In the discussion that followed in three groups, a number of interesting points were raised. They included these:

?         A priest described how her church had a number of Zimbabwean members, and consequently that the church was collecting clothes for the people of Zimbabwe, which they would then send through a contact at Harare airport and a Pastor in Zimbabwe. To achieve this they had to collect £280 for one load to get the clothes there; quite a challenge for a relatively poor church.

?         The same church was also concentrating on cookery as a means of reducing the cost of meals. So they had initiated cooking classes and parties, where all the participants were cooking together and having a high old time! The social benefits had been huge, as the communal interaction had proved very stimulating. We heard of another church that has started up cookery classes - for men!

?         One tertiary mentioned that he had been spending time with the homeless in Chelmsford, and he found that the financial crisis was passing them by - they had no money so they were not missing it!

?         Another Franciscan reminded us that many older people were reliant on interest from their savings as their main source of income, and that this had virtually disappeared overnight. We should perhaps be more sensitive to this situation.

?         There was much emphasis in discussion about the nature of true wealth, the values arising from our faith, and that as a consequence we felt that we should perhaps give more money charitably (as people who gave to Comic Relief obviously intuitively thought). The relevance of the Franciscan emphasis on Simplicity was felt to be a priority issue for us all.

?         Whether or not to give money to someone begging was hotly debated. Some were very much in favour of giving (surely we could all spare a pound?) whilst others were doubtful because of the likelihood of the money being spent on drugs or alcohol (and that donations should preferably be given to homeless charities?).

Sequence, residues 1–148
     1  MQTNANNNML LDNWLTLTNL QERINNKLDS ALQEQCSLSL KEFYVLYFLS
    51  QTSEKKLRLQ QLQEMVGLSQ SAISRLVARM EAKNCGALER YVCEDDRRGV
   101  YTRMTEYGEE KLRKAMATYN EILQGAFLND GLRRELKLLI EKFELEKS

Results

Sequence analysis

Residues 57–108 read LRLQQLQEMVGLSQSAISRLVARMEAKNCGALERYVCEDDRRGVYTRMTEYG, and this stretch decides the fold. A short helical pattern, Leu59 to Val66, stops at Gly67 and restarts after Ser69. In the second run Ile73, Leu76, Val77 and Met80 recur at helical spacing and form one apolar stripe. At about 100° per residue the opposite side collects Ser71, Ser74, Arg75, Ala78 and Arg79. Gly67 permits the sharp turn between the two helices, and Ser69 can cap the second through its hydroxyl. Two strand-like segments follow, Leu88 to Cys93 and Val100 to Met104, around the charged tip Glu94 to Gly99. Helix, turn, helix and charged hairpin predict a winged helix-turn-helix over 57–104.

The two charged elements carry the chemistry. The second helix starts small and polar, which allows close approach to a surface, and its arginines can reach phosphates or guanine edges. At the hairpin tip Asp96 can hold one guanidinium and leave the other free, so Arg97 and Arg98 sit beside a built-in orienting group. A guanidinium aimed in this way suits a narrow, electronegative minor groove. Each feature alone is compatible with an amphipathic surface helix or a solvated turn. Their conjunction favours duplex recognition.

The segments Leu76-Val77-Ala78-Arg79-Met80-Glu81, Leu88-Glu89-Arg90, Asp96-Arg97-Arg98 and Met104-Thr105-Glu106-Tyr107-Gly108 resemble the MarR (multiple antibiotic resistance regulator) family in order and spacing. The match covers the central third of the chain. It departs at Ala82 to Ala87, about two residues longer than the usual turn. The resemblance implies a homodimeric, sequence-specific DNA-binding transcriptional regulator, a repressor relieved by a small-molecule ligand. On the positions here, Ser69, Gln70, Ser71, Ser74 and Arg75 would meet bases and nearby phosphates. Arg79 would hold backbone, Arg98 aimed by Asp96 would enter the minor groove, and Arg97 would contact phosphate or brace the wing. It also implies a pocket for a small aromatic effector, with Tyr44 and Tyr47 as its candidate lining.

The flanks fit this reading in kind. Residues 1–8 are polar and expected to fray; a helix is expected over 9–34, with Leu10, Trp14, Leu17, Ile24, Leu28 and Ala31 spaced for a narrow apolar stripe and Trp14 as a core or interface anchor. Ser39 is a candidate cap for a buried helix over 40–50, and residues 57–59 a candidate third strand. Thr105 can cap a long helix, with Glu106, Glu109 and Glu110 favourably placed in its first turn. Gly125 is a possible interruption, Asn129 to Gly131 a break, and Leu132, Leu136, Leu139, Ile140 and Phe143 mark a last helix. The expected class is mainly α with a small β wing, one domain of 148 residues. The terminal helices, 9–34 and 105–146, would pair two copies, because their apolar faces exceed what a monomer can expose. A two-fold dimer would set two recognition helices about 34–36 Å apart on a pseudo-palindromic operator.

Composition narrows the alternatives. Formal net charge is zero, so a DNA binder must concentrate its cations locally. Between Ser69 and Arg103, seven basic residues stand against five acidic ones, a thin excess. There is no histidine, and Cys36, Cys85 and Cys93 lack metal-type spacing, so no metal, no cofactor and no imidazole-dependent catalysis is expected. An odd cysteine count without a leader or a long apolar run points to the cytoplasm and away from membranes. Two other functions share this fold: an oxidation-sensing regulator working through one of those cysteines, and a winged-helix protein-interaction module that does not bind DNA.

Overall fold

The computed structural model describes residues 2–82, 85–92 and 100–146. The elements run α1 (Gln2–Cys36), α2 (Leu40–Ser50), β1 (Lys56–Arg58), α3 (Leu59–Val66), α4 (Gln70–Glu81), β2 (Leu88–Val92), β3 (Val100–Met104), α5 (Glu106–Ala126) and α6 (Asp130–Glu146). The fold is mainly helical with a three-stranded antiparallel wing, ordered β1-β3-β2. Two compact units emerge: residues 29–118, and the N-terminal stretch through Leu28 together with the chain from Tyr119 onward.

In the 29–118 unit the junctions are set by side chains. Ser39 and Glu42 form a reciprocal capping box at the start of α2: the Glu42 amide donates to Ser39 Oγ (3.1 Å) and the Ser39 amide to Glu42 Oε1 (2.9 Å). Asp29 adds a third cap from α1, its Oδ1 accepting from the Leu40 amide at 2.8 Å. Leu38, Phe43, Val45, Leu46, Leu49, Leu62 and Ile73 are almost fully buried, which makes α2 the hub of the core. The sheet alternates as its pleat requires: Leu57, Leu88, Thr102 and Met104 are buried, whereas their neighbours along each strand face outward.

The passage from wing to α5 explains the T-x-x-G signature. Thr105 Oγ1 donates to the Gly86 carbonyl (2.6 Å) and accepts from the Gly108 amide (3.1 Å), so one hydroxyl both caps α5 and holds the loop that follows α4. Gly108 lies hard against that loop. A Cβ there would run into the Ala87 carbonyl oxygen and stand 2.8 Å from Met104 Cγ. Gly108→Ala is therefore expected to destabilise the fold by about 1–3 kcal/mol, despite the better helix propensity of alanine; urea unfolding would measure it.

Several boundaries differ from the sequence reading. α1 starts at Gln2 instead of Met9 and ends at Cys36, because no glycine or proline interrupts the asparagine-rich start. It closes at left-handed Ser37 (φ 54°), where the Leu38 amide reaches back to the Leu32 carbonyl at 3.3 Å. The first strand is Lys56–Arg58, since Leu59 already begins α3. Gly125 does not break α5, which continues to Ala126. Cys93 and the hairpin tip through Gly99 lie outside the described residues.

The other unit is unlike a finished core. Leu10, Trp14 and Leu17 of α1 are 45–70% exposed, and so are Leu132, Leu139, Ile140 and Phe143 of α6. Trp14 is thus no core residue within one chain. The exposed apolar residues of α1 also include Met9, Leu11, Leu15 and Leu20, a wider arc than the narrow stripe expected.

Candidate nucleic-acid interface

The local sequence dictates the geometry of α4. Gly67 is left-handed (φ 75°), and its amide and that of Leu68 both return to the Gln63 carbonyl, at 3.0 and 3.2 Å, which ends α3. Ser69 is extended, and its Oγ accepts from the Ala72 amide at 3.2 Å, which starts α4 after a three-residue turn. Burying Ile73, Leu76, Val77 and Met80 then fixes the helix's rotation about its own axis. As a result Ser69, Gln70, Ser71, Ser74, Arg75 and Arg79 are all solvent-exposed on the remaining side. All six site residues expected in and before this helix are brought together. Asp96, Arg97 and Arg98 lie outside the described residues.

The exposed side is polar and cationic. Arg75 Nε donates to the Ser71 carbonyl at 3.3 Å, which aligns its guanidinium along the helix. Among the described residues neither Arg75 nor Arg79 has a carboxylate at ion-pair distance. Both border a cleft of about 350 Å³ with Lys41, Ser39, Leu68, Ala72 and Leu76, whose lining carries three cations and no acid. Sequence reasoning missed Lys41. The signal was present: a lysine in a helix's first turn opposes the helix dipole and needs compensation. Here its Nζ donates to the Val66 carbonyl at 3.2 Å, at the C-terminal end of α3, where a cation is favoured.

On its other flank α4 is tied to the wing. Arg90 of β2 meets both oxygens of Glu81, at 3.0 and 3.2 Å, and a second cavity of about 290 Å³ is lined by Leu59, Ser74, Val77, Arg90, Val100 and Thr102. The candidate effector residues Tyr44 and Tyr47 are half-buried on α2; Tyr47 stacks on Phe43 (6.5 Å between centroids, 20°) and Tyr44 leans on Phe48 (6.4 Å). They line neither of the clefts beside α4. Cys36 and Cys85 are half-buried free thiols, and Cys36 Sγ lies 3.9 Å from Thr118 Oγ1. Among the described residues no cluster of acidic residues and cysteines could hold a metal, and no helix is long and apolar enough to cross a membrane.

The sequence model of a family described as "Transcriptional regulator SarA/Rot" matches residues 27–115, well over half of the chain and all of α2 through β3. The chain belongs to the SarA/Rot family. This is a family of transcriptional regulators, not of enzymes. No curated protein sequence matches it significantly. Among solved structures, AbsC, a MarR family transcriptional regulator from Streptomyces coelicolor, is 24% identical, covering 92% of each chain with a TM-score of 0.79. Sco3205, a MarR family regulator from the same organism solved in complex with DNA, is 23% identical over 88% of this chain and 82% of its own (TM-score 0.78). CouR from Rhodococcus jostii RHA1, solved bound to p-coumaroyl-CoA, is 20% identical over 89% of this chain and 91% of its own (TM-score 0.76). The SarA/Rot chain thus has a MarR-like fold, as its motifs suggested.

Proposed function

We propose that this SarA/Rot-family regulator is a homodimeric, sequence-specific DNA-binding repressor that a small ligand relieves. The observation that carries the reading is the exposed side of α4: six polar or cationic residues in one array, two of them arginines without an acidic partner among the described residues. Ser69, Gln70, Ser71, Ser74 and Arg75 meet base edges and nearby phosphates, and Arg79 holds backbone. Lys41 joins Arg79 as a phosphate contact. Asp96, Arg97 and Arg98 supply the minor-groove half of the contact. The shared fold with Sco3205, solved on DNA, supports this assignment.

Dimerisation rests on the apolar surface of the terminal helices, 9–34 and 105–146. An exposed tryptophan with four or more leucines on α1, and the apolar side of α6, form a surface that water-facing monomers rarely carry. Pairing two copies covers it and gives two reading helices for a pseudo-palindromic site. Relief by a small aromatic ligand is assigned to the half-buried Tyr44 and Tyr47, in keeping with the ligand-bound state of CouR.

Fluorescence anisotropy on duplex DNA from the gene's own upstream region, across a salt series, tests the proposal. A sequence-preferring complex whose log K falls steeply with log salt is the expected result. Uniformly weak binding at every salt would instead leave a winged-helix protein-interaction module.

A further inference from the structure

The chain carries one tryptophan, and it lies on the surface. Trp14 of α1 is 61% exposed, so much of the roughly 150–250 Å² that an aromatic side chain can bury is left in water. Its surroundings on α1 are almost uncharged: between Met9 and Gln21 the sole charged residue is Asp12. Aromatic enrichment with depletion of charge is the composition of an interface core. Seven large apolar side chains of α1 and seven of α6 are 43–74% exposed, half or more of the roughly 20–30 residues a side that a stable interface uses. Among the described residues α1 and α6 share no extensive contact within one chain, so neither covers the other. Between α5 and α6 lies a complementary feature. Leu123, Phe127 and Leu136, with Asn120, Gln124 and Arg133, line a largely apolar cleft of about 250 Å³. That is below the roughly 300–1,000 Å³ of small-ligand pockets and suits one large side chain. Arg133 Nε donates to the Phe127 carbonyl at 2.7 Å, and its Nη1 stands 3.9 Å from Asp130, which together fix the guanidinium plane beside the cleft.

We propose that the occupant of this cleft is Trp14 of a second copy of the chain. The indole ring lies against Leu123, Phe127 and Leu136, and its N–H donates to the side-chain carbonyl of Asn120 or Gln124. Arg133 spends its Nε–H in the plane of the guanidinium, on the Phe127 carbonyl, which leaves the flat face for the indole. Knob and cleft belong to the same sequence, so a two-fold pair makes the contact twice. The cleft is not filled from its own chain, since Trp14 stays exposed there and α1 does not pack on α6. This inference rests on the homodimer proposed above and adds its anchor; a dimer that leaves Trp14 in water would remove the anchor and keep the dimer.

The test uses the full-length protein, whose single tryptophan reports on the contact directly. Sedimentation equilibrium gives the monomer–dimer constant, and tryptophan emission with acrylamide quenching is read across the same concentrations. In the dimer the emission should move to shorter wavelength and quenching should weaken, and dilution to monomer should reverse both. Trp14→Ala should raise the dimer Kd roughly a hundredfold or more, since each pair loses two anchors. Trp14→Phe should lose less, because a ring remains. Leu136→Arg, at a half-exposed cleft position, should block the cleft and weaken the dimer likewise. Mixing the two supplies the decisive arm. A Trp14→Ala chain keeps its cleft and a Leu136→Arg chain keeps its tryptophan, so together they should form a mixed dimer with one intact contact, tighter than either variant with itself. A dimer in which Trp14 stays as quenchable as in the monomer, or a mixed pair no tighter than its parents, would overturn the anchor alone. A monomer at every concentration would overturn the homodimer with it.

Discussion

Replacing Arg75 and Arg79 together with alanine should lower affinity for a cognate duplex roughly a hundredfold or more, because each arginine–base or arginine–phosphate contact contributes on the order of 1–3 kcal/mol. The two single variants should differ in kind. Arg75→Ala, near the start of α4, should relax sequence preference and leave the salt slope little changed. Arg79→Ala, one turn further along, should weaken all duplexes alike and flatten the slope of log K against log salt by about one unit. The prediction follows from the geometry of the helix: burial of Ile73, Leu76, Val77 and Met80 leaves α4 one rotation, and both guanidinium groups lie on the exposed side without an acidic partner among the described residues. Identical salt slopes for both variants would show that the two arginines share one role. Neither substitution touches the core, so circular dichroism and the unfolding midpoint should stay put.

?         Br Philip suggested that we could always pray for poor and vulnerable people, whatever our age or condition. He also reminded us that we have a voice, and should act in specific situations either individually or for a charity implementing a particular advocacy campaign.

?         A young black woman from Africa suggested that the people in the UK have much to learn from Africans regarding life as a community. She claimed that everyone helped everyone else there, rather like being in one big family, very different from what she had found here.

?         We were struck by the words of the leper ‘For the love of Christ, give me comfort’. We felt it important for us to know our own need of God, and to ask him for a more generous spirit. Sometimes we are called upon to offer hospitality of the heart (i.e. time) rather than money.

?         In terms of physical hospitality, friends worshipping at St Mark’s cathedral in Seattle have opened their hearts to homeless people and offered space in their ‘TentCity’ in the Cathedral grounds, ministering to them accordingly. This venture has been mutually beneficial, we are given to understand.

Another thought that has come to mind, emerging from the time when Jesus was throwing out the money-changers from the temple: “Take these things out of here! Stop making my father’s house a market-place!”. This could be taken as a significant symbol for Christians, it is suggested, since perhaps our market places could be more important to us than our worship? We all have to review our financial priorities from time to time. Where are the genuine riches that we are seeking? Are we prepared to sell all that we have and give to the poor? One can only conclude that we all fall short of these high ideals, and it is apparent that we could improve significantly on our commitments, our loyalties to Christ and to the church.

John McLean Fox

Franciscan Tertiary

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You are reading The Theology of Enough by John McLean Fox, part of Issue 48 of Ministry Today, published in March 2010.